For some reason, this Wordpad makes things disappear and then I can't find them again.  There doesn't seem to be a redo function either.  I had at least a whole paragraph on my return to the hotel and the difficulty with trying to get my shuttle booking.  I ended up paying my bill because the cashier so desperately wanted the payment ahead of time so that it would be "easier" and I could get my "bags out" ticket so that I could leave the hotel.  This way they know that I have paid - cash - because there is no credit card payment today.  So I am all paid up with a receipt that doesn't lay out the charges but hopefully Exodus won't give me problems with their paying the extra day.  We'll see.  It is almost time to check out and try to get the shuttle now. 

I did work on photos most of the afternoon and managed to go through one day - november 9th at Lake Awassa.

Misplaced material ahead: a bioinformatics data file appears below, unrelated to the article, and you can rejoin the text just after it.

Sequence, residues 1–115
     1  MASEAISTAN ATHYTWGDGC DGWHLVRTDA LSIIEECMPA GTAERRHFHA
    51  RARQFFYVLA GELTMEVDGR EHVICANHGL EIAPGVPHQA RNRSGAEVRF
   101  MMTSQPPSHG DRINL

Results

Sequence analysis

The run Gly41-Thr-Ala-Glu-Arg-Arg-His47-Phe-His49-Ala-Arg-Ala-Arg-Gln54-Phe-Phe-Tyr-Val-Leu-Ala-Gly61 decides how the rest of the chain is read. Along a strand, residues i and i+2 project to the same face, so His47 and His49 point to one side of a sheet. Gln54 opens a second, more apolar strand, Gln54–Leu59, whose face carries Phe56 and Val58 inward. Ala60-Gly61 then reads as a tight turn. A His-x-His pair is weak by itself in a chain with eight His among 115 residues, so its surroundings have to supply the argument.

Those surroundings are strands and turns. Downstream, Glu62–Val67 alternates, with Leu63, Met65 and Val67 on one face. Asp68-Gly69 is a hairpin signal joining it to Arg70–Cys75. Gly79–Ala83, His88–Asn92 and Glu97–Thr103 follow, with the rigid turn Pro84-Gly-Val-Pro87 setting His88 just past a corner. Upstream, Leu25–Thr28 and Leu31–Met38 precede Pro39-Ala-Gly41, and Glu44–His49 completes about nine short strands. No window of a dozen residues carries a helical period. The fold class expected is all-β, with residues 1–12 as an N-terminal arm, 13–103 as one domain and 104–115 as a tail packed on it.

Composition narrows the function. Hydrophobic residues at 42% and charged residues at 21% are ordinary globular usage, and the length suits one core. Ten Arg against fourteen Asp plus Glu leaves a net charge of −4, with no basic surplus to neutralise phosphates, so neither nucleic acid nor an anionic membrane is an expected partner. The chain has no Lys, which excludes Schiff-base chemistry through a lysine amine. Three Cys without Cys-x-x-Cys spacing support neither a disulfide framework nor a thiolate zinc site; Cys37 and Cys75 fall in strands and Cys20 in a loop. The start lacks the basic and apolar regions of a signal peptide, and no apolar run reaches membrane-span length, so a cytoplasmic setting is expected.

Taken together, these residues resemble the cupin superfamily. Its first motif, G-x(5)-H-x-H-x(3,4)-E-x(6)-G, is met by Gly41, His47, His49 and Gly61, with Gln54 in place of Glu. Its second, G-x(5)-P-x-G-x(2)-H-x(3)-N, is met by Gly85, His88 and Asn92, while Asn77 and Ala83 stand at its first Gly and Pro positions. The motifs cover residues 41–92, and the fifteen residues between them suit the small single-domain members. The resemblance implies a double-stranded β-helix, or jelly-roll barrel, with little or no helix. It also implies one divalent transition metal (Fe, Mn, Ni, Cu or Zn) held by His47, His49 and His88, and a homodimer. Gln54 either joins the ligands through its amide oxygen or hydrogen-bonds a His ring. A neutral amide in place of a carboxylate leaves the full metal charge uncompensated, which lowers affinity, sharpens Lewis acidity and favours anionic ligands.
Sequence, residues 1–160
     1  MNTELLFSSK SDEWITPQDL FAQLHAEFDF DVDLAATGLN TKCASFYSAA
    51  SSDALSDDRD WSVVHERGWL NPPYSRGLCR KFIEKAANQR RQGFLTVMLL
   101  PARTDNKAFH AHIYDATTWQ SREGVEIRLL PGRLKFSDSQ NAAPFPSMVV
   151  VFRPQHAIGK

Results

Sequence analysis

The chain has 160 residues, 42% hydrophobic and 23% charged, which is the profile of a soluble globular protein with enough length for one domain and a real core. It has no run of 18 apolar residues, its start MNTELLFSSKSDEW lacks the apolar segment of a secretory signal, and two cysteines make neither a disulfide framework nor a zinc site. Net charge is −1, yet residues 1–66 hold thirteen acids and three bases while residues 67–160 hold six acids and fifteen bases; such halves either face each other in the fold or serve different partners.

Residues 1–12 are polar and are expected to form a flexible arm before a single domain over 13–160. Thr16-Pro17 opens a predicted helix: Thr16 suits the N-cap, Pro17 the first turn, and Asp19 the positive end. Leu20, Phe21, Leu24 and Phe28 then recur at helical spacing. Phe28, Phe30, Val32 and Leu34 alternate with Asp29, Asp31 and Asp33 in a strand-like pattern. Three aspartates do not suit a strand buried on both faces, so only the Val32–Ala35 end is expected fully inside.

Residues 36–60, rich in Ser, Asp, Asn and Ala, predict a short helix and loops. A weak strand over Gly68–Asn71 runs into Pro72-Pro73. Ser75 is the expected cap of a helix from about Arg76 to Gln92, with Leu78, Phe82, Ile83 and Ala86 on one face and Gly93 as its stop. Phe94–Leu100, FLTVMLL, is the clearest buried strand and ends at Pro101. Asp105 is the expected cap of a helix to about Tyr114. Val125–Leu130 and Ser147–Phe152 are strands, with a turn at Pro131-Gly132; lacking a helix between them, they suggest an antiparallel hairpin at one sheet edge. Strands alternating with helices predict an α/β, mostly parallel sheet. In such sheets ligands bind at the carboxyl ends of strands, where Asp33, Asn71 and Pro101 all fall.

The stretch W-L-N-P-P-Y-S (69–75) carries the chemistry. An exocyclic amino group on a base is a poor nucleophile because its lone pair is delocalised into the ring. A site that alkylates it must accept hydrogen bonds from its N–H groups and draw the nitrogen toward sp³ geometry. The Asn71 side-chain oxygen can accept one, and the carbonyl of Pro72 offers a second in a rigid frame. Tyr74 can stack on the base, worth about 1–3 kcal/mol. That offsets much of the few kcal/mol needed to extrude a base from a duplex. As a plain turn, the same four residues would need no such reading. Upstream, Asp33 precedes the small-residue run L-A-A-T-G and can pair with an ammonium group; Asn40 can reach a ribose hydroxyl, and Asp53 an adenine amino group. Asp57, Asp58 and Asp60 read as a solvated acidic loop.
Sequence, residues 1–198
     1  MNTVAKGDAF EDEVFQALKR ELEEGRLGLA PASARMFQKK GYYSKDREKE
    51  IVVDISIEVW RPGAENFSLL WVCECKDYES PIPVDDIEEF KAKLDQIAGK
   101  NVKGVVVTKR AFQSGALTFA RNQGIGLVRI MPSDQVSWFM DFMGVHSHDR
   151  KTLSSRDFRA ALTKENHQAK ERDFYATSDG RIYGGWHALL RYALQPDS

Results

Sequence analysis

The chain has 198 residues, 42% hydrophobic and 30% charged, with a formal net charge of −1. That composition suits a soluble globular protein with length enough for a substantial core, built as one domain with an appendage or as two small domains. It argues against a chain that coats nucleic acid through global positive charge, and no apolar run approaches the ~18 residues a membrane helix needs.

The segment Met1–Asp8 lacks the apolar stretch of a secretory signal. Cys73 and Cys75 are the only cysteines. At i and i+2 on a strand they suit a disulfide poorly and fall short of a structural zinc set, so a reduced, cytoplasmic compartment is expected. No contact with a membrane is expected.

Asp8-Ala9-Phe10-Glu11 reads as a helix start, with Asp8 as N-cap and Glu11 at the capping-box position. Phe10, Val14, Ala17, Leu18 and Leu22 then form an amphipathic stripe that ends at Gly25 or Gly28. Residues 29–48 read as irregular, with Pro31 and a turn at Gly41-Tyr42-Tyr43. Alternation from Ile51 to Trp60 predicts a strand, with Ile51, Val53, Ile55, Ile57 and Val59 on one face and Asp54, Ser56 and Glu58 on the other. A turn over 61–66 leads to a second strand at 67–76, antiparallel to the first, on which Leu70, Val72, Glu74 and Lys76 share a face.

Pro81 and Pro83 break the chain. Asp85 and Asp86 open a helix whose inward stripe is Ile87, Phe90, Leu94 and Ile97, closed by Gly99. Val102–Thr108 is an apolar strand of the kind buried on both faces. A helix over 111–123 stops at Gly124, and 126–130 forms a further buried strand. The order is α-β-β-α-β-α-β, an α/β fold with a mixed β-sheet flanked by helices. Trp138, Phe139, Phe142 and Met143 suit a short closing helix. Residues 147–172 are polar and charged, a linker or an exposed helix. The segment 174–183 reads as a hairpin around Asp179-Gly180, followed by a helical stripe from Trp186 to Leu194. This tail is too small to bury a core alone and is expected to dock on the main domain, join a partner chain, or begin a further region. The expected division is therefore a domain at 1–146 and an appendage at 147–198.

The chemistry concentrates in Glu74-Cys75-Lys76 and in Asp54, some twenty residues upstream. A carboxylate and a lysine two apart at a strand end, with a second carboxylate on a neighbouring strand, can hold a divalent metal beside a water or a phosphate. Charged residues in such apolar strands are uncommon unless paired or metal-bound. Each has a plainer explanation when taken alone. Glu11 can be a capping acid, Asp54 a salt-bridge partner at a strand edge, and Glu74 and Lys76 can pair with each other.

Final update.  I got the shuttle to the airport with a British woman named Morna who was visiting Ethiopia after 40 years.  She had been a volunteer and met a Danish man, married him here in Addis, and moved to Denmark with him (but lived in different parts of the world since he was an agronomist).  They had three children, and now grandchildren, but sadly he died 4 years ago.  We made it through the airport together in mutual support until I went to find the toilets in the gate area and she found a new companion - Melissa - honey and sweetness.  Morna showed both Melissa and me photos of her family and her wedding.  I lost both women when I boarded the plane.  I had the two seats to myself until Khartoum when a largish man got on.  He wasn't so bad and even helped me get my daypack down when we were deplaning.